Police officers in the country will continue to carry firearms following the Christchurch mosque attacks, but the police commissioner can assure it "won't go on forever".
While the national threat level remains high, the commissioner has directed staff to have access to firearms until the risk to the community is reduced.
Unable to say how long they will remain armed for, police in a statement yesterday said: "In the coming weeks we will be highly visible in all districts across the country. As people return to their routines - to their schools, work, and to their places of worship and recreation, we will be with them. If you notice more of us around - don't be alarmed, it is for the community's safety."
Police Commissioner Mike Bush told Morning Report the country was at a threat level of high.
"The threat is based, generally, on the fact that in the weeks following an event, like the horrific event we have had, that we need to be in higher a state of vigilance ... because overseas incidents tell us that that's the most vulnerable time," he said.
"I can assure the public that we are not exploring specific threats.
"While we're in that national high threat level, all frontline staff will be armed. We'll look at reassessing that if and when the threat level changes."
However, he said this "won't go on forever".
"I can also reassure you that we will go back to our normal practice and normal stance, we will return to the position of being a routinely unarmed police service."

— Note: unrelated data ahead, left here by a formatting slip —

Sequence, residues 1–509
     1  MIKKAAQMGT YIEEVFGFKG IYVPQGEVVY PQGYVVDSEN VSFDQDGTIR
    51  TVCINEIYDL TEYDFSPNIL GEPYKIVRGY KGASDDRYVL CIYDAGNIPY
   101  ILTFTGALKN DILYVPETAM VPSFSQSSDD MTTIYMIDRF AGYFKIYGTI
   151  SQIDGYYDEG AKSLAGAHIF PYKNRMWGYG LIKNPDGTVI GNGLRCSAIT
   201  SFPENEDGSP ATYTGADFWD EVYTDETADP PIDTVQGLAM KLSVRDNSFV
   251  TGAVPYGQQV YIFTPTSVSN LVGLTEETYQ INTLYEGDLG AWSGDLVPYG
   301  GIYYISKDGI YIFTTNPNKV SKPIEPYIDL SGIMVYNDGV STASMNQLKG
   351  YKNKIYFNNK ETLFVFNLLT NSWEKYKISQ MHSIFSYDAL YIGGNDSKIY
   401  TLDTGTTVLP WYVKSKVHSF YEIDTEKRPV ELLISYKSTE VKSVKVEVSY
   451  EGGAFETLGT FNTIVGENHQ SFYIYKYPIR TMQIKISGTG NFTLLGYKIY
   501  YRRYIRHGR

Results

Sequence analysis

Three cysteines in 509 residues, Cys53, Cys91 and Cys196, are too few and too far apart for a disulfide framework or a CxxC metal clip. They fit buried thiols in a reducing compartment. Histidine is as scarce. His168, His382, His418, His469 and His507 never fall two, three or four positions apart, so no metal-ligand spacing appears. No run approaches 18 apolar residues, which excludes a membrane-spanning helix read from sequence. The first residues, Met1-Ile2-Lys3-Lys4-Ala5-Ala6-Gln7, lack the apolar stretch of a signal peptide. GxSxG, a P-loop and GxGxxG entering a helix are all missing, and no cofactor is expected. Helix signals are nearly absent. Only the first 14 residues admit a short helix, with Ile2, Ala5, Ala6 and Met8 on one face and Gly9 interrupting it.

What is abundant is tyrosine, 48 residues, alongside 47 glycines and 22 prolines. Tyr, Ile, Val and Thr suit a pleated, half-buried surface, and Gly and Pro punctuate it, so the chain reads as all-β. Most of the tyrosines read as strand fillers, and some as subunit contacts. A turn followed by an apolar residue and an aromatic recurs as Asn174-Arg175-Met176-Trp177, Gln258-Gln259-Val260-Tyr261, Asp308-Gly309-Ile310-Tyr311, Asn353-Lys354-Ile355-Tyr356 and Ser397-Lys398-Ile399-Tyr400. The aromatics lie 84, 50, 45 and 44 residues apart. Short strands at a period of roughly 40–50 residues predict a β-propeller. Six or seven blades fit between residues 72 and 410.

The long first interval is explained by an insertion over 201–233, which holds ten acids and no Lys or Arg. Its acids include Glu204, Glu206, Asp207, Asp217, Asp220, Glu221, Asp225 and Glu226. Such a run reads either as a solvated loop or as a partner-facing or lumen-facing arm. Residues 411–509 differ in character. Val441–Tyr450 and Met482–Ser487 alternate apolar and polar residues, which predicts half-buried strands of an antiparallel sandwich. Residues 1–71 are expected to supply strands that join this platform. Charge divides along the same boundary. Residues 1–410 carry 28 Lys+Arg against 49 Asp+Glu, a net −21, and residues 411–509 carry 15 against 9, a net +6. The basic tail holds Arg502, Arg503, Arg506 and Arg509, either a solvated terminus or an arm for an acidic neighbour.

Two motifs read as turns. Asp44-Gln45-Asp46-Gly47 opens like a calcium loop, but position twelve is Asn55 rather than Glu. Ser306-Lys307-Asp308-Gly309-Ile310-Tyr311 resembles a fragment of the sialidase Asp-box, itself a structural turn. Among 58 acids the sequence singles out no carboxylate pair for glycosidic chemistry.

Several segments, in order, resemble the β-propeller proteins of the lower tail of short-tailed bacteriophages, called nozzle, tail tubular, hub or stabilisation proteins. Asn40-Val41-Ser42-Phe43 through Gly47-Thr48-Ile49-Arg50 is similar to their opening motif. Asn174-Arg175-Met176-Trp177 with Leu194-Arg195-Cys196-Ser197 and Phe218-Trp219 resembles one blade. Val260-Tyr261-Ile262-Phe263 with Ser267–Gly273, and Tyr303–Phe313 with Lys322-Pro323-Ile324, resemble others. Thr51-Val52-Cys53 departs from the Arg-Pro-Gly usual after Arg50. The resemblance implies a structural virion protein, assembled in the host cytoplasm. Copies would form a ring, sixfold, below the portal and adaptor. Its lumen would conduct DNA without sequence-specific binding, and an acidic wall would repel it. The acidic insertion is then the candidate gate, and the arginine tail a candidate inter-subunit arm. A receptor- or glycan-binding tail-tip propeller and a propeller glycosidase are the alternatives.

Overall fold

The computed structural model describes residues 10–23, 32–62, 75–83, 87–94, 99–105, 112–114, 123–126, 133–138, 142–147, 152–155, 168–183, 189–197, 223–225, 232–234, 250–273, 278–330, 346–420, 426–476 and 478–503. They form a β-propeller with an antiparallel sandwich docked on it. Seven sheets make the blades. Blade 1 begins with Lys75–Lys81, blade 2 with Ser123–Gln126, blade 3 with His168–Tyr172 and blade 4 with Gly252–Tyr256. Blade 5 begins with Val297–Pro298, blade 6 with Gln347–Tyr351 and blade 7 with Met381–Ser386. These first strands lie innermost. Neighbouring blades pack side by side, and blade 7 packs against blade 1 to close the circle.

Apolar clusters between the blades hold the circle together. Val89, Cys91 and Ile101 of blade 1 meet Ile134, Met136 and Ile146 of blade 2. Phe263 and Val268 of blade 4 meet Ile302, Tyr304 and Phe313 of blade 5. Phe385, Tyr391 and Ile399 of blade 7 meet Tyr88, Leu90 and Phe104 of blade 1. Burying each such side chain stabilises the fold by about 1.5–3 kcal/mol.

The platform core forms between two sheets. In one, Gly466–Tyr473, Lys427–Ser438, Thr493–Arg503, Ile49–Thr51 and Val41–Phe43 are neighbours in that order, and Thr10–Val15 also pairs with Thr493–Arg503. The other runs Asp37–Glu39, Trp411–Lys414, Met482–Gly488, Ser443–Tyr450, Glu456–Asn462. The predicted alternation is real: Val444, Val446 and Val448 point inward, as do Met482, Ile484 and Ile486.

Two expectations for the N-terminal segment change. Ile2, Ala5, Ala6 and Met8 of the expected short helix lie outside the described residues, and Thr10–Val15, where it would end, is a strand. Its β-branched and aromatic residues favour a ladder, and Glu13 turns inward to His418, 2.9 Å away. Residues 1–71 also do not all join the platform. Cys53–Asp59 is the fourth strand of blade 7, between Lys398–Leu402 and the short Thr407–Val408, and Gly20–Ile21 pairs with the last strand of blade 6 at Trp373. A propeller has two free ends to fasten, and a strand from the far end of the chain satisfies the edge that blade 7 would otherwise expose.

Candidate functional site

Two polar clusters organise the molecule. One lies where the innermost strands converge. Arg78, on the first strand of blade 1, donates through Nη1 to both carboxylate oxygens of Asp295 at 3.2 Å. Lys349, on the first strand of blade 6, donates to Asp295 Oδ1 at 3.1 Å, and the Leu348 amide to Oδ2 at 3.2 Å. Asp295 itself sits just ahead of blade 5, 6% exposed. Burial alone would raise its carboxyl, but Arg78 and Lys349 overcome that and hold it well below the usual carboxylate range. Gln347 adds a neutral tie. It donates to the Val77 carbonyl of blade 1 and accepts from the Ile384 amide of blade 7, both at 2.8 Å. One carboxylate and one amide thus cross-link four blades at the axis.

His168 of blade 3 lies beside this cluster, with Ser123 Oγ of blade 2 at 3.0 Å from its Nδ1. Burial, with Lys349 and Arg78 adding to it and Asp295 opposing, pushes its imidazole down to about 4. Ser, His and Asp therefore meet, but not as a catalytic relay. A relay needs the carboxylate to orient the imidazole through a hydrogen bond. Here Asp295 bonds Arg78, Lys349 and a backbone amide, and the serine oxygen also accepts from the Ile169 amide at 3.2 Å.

He did reiterate that police were well equipped and did have all tactical options at their immediate disposal.
While there is no information to suggest any specific risk to public safety, all frontline police officers have been told to carry guns while on duty. The public is also urged to remain vigilant and report any suspicious or concerning behaviour to 111.
In the wake of the Christchurch terrorist attacks, Wellington's Cuba Dupa festival is moving off the streets.
The festival is going ahead this Friday and Saturday, but the organisers have decided to move it to indoor venues.
Cuba Dupa artistic director Drew James told Morning Report that security resourcing constraints had led to the decision.
"With the high level of risk at the moment, the assessment that we did and the recommendation that we had, we're unable to make the site the kind of a sterile environment that would guarantee the safety of everybody that was there," he said.
"So, we made the decision that we were better off being in a situation where we had more control of the security."